Canton added, “When installing wood, it’s also key we know the moisture content of the subfloor, so you can correctly adjust what you have to do with the wood.”
Tools of Success
Upon arrival at the installation site, the level of moisture in the wood planks should be tested to determine if the wood needs to acclimate or if installation can begin right away. Various handheld moisture meters have taken away the guesswork. With the help of either a pin or pinless moisture meter, installers and contractors can determine the amount of moisture in the wood planks prior to installation.
“There are two types of moisture meters,” explained Grete Heimerdinger, vice president of Lignomat. “One, called a pin meter, has pins to insert into the wood. The other, called pinless, lies flat on the wood with a measuring plate on the back.”
She added that when selecting a moisture meter, installers and contractors should assess the environment and job first to make the right choice, or simply use whichever meter they are most familiar with—the most important step is to use a meter at all.
Another good tool to have on hand is a hygrometer, to measure the moisture content in the environment the flooring will be going in. With this tool and the moisture meter, installers can calculate the equilibrium moisture content (EMC) of the wood floor. EMC is the moisture content of wood when it is fully acclimated—not gaining or losing moisture.
“The environment where you are trying to acclimate the wood needs to be at whatever temperature and relative humidity it will be at when someone is inhabiting the environment, and this must be maintained during the entire acclimation process,” stressed Spangler. “You should then calculate the equilibrium moisture content of the environment, utilizing both the measured ambient temperature and relative humidity.”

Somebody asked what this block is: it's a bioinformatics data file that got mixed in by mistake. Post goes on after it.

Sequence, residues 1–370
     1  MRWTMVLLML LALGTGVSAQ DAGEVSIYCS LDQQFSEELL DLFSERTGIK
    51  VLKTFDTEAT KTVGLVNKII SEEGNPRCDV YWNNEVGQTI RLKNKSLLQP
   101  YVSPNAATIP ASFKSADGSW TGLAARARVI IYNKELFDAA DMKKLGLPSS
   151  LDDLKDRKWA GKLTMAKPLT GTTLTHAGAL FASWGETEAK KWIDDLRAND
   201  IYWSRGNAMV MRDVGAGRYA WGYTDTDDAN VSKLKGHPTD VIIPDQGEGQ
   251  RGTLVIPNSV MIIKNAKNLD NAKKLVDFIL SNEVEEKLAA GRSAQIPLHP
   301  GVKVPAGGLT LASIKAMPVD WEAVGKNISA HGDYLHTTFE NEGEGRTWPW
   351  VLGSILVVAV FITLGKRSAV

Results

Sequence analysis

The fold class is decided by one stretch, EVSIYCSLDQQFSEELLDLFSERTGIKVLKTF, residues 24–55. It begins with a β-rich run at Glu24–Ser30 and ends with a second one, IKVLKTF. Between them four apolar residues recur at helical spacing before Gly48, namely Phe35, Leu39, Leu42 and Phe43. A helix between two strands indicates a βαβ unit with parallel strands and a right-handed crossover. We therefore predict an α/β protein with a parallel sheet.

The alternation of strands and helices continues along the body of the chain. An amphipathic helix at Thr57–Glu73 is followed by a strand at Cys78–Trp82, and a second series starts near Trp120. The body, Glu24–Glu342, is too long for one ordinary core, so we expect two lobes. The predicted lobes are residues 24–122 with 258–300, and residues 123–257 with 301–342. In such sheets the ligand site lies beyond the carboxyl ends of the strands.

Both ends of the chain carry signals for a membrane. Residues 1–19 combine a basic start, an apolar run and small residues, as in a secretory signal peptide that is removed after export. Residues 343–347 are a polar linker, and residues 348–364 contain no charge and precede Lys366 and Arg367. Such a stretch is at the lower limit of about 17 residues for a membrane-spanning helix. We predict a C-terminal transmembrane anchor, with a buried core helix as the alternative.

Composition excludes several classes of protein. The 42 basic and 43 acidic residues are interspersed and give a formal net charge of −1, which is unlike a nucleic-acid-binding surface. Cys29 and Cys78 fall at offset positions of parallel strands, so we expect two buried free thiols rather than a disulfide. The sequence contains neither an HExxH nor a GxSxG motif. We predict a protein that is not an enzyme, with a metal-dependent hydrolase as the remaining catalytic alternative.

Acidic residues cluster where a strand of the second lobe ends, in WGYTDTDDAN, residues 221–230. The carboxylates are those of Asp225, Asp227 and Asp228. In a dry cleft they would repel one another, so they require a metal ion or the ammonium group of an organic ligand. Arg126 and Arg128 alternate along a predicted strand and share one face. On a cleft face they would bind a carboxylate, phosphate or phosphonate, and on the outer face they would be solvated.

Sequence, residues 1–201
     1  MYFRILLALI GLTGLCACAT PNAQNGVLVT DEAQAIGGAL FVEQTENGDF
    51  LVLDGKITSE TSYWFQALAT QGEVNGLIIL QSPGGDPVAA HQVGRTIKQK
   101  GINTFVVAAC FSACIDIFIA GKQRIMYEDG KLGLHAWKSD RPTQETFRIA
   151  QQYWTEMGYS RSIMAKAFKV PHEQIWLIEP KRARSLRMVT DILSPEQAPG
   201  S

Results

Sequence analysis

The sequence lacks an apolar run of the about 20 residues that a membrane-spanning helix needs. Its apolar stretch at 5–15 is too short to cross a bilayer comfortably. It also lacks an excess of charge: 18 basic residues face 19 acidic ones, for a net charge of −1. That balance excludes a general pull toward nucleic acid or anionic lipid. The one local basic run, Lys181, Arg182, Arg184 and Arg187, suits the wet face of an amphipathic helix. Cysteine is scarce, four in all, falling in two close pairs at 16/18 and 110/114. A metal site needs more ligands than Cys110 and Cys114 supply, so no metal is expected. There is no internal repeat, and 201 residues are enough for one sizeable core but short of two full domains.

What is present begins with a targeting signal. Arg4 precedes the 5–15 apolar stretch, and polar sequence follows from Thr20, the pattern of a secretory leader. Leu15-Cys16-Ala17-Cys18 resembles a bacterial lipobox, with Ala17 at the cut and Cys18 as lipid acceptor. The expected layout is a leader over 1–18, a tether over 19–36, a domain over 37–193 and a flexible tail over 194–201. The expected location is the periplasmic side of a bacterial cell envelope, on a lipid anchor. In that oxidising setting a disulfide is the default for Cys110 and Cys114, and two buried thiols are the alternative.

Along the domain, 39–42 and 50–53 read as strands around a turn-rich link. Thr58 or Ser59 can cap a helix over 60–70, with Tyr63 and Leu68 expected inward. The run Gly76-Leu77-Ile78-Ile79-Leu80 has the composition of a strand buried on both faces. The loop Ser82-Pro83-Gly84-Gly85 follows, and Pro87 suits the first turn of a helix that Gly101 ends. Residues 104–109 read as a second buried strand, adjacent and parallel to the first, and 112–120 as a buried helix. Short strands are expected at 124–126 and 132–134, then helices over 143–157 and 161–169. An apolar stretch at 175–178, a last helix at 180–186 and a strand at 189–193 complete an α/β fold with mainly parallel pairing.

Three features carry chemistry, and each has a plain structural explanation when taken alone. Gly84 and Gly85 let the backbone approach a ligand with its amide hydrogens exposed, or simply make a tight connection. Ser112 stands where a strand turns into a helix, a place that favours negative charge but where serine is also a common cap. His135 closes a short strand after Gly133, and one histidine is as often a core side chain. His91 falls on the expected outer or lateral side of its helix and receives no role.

According to Spangler, Wagner has developed an EMC calculator app, called Wood H20, to help with this calculation. With the environment’s EMC determined, installers will have the target moisture content to use when measuring the wood.
Don’t Cut Corners
When it comes to installing flooring, it’s no secret that time is money. Because of this, manufacturers are constantly unveiling faster formulas for a quicker, timelier turn-around, and installers have found ways to do their jobs faster—and hopefully better—over the years. However, when it comes to installing wood flooring, testing for moisture and allowing the wood to acclimate are steps that should never be rushed or skipped.
When juggling multiple projects and the demands of the customer, it’s easy to buckle under pressure. But when it comes to mitigating potential failures, contractors can speed up the process and have greater confidence by using instrumentation—not by skipping the process altogether, according to Ranwell.
“The pressure on any floor contractor is to get as many jobs done as quickly as possible,” he said. “It’s a question of how to keep this schedule, while also mitigating potential failures.”